When Myrtis was brought back to virtual life in 2010, her image and story was shared on social media around the world. Now, the ancient Athenian 11-year-old is being mobilized in the battle against the novel coronavirus with a video produced by Into the Void in a joint initiative of the United Nations and the head of the scientific team that reconstructed Myrtis’ face, professor and orthodontist Manolis Papagrigorakis. In the video, which has been translated into English, Norwegian, Finnish, Arabic and Chinese, Myrtis advises viewers to listen to the experts on Covid-19 and follow their instructions.
Myrtis is believed to have died in the Plague of Athens in 430-427 BC after experts were able to isolate genes of the disease that caused the deadly typhoid fever from her teeth. Her entire skull was found to be in unusually good condition, which is what allowed the reconstruction of her face, a significant feat accomplished by Papagrigorakis and his team, who were able to give a face to an anonymous girl from the Age of Pericles.
“The journey with this young Athenian girl has been absolutely enchanting, filling me with beautiful and unique moments,” says the Athens University professor. “I have seen the incredible sparkle in the eyes of children thirsty for knowledge, the generosity of artists wanting to dedicate a piece to her – so that she stars in around 80 paintings, sculptures and engravings right now – and the enduring and tireless spirit of giving that defines the Greeks. This is something I want to stress: Not a single Greek who worked on this project with me mentioned money!”
After being unveiled to the public at the Acropolis Museum in 2010, Myrtis went on a global museum tour and was named a Friend of the Millennium Development Goals by the UN. She visited dozens of schools, now features in history books in Australia, took part in the closing ceremony of the 2011 Special Olympics in Athens, has inspired painters, sculptors and writers, has been the subject of doctoral theses and has graced a postage stamp issued by the Hellenic Post and a coin from the Bank of Greece. This 5th century BC girl has become a “face” of our time.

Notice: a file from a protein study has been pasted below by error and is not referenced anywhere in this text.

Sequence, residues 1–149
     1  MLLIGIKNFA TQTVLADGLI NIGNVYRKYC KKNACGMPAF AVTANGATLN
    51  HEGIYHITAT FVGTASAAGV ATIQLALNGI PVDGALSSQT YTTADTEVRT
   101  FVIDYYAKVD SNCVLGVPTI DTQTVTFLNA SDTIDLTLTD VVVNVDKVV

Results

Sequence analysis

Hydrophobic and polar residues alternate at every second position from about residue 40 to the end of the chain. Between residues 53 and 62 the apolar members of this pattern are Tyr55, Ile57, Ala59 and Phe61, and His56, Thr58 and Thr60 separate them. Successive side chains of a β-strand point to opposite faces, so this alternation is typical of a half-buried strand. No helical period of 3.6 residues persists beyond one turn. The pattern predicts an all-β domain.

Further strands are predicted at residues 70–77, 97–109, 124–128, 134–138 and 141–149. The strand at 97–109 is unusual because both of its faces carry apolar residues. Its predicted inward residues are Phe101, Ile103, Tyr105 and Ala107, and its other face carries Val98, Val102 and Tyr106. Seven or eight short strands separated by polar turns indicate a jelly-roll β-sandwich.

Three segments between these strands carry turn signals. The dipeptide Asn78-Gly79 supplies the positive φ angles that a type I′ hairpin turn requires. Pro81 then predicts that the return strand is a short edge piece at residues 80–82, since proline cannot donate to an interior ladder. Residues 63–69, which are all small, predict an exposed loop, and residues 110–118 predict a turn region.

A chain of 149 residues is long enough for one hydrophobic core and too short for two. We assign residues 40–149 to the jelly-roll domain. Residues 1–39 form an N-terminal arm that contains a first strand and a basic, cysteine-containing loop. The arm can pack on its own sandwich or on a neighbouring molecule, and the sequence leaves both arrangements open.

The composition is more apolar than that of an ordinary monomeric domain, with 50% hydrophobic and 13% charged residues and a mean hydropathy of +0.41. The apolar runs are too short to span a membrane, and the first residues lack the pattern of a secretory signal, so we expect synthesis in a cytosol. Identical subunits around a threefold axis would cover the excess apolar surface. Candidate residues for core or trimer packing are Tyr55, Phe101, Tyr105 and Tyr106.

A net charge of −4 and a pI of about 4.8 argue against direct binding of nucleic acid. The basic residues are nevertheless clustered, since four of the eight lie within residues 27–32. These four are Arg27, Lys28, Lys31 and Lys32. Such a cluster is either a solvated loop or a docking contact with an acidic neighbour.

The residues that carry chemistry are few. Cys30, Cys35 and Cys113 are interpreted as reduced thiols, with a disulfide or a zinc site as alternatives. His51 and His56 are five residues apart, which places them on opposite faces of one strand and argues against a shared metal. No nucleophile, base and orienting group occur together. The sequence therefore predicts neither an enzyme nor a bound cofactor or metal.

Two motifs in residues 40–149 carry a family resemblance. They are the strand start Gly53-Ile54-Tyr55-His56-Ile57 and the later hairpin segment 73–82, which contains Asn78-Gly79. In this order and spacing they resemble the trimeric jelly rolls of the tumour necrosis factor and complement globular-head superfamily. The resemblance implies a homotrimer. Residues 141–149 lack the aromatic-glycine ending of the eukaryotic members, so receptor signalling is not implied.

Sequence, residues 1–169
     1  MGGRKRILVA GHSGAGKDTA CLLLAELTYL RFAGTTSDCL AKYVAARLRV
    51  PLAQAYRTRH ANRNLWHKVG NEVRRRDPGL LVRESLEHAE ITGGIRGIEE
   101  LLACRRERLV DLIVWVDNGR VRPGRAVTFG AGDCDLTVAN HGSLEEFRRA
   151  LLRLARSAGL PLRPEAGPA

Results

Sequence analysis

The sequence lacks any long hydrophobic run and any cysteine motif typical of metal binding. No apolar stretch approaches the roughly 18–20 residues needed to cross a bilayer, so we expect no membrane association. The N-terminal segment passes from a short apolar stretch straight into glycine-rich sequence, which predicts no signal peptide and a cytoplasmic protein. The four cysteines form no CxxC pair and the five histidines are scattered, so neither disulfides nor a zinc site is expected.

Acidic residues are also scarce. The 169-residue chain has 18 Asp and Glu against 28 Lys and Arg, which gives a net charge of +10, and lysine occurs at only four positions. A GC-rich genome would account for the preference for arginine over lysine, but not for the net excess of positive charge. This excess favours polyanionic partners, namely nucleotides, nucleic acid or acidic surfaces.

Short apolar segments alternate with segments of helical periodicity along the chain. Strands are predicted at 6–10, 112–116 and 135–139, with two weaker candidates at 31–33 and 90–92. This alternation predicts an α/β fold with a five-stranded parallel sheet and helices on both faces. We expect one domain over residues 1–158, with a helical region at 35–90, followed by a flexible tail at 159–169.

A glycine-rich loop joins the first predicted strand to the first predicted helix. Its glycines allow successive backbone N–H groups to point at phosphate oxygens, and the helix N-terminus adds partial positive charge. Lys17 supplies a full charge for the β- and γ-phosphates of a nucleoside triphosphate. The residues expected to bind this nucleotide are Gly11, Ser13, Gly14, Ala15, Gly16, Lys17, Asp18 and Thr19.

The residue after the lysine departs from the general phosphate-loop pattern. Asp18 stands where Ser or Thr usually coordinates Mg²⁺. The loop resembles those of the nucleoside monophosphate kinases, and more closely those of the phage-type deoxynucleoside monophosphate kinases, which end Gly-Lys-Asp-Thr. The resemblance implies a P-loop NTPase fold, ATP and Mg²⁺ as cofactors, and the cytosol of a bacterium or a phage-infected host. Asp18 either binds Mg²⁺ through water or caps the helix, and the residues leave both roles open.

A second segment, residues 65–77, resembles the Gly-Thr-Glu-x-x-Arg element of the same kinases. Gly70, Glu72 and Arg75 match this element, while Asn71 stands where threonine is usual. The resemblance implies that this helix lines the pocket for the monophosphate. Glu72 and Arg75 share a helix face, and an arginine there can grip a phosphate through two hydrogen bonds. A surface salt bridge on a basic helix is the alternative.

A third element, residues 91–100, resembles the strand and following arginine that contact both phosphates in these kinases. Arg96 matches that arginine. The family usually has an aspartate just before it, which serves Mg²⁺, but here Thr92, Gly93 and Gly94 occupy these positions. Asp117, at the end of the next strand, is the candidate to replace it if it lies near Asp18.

“Myrtis’ greatest advantage is that she is an anonymous child living in a very special and important time. She is a girl-next-door figure who resonates with children her age, no matter how distant she is,” says Papagrigorakis.
The project was a fascinating one for Papagrigorakis and his team, who were able to draw important conclusions from the analysis of the girl’s skull, including information about the bacteria that caused the Athens plague, while also adding important knowledge to the global dialogue on the evolution of man.
A number of different scientific disciplines were brought into play to give Myrtis a face. “An array of fields were involved, beyond my narrow area of expertise, but they were related to the historical and archaeological research I was doing, while the project was also connected to the fascinating field of school education,” says Papagrigorakis.
The professor was also excited to share the news of a new project being carried out with the support of the Greek-German Ellinogermaniki Agogi school, to recreate another ancient figure, nicknamed Hedyle, whose remains were found in Pherae.
“All of our scientific knowledge and experience with the two girls, Myrtis and Avgi (an 18-year-old girl who lived in Thessaly 9,000 years ago), lead to Hedyle, so that we will not only reconstruct her face, but her entire body,” says Papagrigorakis.
“Another innovative program stemming from this experience is the creation of an ‘open-view museum.’ It has been a dream of mine to create a museum based on Myrtis and the museum on ‘children from antiquity to the present’ will be able to create a network for multiplying new data that will significantly increase our knowledge of the past, which is the link to the present and will allow us to look into the future,” he says.
To learn more about the project, visit www.myrtis.gr. To watch the video with English subtitles, click here